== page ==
American Heart Month2019-02-06T17:07:56+00:00

Heart disease is the leading cause of death for men. About 47% of Americans have at least one of the three major risk factors for heart disease – High Blood Pressure, High Cholesterol and/or Smoking. While heart disease may not seem like an immediate risk, creating healthy habits now can set you on the path for a health across your lifespan. This is why Phi Kappa Psi observes American Heart Month in February through ELEVATE

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Strong Men Put Their Heart Health First

Heart disease is the leading cause of death for men and women in the United States. Every year, 1 in 4 deaths are caused by heart disease. It is a range of conditions including arrhythmia, coronary artery disease, and congenital heart defects. The term ‘heart disease’ is often used to describe conditions which involve narrow or blocked blood vessels which can lead to heart attack, chest pains or stroke.

There is good news, though. Heart disease can often be prevented when people make healthy choices and manage their health conditions. Communities, health professionals and families can work together to create opportunities for people to make healthier choices. While Americans of all backgrounds are at risk, affects African American men, especially those in the southeast, are at the highest risk for heart disease.
Additional risk factors include diabetes, obesity, poor diet, physical inactivity and excessive alcohol use.

  1. About 610,000 people die of heart disease in the United States every year-that’s 1 in every 4 deaths.
  2. Heart disease is the leading cause of death for both men and women. More than half of the deaths due to heart disease in 2009 were in men.
  3. Coronary heart disease (CHD) is the most common type of heart disease, killing over 370,000 people annually.
  4. Every year about 735,000 Americans have a heart attack. Of these, 525,000 are a first heart attack and 210,000 happen in people who have already had a heart attack.

What You Should Know

As a young adult, your heart is at it’s healthiest and is generally resilient. Incorporating simple lifestyle choices in your day to day will ensure that you maintain a strong heart as you age.

The 5/4/2/0 Rule:

  • 5 servings of fruits and veggies each day.
  • 4 days a week of exercise. This should total 150 minutes.
    • In this case, exercise means aerobic activity. Get that heart rate up!
  • No more than 2 hours of screen time/day.
    • High levels of screen time and heart disease are highly correlated  especially in young people. But,  this is a tough one to practice when you are in school or generally work in front of a computer. Making sure you stay active is a great way to combat this if screen time is unavoidable for you.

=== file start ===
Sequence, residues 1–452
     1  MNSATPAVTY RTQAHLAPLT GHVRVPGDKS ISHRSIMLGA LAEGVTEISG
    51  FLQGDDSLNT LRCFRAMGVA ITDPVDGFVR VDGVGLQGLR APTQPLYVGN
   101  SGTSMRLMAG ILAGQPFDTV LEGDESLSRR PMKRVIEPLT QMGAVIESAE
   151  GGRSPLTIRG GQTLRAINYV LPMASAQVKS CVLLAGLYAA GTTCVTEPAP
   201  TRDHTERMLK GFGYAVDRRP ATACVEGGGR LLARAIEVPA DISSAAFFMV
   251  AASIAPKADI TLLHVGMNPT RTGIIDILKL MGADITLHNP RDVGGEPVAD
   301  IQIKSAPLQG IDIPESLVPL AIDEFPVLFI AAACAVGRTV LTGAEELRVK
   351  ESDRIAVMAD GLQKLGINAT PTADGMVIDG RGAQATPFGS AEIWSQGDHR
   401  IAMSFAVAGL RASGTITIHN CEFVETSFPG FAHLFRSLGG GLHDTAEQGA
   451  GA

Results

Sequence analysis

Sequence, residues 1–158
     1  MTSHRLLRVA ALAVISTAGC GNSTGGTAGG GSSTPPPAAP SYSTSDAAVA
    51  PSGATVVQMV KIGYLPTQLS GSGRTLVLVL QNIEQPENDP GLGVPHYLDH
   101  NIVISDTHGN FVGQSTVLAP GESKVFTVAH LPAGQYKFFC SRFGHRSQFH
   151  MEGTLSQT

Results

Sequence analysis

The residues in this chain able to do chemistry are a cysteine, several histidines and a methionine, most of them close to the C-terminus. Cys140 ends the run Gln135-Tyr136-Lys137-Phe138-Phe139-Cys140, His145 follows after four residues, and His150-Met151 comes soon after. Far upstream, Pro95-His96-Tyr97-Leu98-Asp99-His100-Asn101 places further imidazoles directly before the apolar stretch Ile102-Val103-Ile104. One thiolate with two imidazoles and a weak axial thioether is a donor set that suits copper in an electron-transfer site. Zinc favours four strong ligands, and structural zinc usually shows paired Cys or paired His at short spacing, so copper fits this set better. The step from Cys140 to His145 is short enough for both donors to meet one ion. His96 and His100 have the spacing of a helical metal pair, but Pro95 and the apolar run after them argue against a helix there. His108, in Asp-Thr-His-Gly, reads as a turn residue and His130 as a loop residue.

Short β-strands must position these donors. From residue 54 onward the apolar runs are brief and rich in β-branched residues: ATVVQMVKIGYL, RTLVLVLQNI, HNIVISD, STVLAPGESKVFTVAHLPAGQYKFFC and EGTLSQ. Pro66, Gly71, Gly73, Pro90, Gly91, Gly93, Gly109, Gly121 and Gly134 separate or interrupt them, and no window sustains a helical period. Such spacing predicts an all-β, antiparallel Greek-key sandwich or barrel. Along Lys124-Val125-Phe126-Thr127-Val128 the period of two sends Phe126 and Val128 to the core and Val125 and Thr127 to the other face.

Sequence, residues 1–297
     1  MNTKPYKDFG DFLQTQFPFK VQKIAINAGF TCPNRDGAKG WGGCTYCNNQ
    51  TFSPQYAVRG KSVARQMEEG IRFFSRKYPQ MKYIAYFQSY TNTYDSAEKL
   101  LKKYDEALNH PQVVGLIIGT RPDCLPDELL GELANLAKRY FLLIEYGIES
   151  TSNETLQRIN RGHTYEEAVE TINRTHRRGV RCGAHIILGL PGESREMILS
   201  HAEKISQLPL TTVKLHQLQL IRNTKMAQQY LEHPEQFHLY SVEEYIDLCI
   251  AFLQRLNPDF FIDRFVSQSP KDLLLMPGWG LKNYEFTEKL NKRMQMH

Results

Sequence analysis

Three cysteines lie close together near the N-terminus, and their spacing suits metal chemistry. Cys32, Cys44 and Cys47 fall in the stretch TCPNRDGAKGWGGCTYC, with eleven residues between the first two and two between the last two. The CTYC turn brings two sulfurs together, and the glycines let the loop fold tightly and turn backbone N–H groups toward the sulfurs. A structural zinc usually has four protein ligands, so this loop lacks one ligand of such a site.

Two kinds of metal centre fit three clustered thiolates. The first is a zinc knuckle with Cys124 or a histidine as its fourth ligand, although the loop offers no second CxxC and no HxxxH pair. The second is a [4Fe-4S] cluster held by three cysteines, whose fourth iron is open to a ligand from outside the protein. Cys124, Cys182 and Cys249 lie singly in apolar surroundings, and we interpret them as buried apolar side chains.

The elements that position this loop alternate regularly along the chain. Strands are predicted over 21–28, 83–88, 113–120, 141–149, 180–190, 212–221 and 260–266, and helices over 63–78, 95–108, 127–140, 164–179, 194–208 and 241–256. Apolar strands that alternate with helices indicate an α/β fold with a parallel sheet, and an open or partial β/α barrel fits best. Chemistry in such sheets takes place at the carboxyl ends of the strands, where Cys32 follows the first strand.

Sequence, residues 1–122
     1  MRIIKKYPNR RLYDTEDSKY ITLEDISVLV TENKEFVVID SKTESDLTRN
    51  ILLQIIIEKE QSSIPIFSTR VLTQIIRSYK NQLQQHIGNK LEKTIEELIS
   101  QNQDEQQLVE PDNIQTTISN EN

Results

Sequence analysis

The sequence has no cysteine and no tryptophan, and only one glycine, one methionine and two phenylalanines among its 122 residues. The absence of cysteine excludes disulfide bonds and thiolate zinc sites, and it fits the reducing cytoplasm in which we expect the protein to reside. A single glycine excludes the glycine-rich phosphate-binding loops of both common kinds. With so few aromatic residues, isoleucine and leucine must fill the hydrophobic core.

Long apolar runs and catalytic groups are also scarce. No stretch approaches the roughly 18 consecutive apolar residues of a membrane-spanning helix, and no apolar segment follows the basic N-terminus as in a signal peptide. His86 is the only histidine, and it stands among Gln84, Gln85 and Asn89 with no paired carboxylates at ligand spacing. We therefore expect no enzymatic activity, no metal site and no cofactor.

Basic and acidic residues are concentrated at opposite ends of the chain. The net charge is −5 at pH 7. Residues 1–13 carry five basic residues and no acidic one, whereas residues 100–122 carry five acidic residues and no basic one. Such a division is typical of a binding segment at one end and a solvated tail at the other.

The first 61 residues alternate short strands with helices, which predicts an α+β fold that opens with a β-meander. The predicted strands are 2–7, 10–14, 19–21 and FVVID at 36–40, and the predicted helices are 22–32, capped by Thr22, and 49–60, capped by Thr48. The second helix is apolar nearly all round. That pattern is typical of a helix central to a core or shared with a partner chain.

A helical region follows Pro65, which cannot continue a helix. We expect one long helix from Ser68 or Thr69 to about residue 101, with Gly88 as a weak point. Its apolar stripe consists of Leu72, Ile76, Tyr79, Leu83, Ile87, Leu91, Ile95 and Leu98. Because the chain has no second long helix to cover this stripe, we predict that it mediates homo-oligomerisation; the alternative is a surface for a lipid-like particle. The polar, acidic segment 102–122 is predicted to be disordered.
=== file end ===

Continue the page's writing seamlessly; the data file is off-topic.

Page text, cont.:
• Take breaks when working, this increases focus and energy, and try to put your phone down before bed for a more restful sleep.
  • 0 sugary/sweet carbonated beverages.

Heart Attacks

Roughly 15% of people who have a heart attack will die from it. Immediate action is imperative to increase the survival chances for someone suffering from a heart attack. If you see the major signs of a heart attack, call 9-1-1 immediately. The symptoms include:

  1. Chest pain or discomfort.
    Most heart attacks involve discomfort in the center or left side of the chest that lasts for more than a few minutes, or that goes away and comes back. The discomfort can feel like uncomfortable pressure, squeezing, fullness, or pain.
  2. Discomfort in other areas of the upper body.
    Can include pain or discomfort in one or both arms, the back, neck, jaw, or stomach.
  3. Shortness of breath.
    Often comes along with chest discomfort. But it also can occur before chest discomfort.
  4. Other symptoms.
    May include breaking out in a cold sweat, nausea, or light-headedness.

For more information, check out the Center for Disease Control’s Heart Disease Page. Included on this page are additional fact sheets and information regarding heart disease.  You can also check out the chapter toolkit.

*Information sourced from the Center For Disease Control and the Mayo Clinic.

Additional Resources

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